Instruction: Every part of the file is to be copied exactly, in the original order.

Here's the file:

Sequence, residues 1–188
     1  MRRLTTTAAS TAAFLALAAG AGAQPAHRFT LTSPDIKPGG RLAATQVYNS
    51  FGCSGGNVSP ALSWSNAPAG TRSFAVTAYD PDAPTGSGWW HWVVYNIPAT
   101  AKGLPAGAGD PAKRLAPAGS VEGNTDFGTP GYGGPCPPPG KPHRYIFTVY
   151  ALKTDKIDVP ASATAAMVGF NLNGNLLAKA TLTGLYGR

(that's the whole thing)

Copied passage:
Sequence, residues 1–188
     1  MRRLTTTAAS TAAFLALAAG AGAQPAHRFT LTSPDIKPGG RLAATQVYNS
    51  FGCSGGNVSP ALSWSNAPAG TRSFAVTAYD PDAPTGSGWW HWVVYNIPAT
   101  AKGLPAGAGD PAKRLAPAGS VEGNTDFGTP GYGGPCPPPG KPHRYIFTVY
   151  ALKTDKIDVP ASATAAMVGF NLNGNLLAKA TLTGLYGR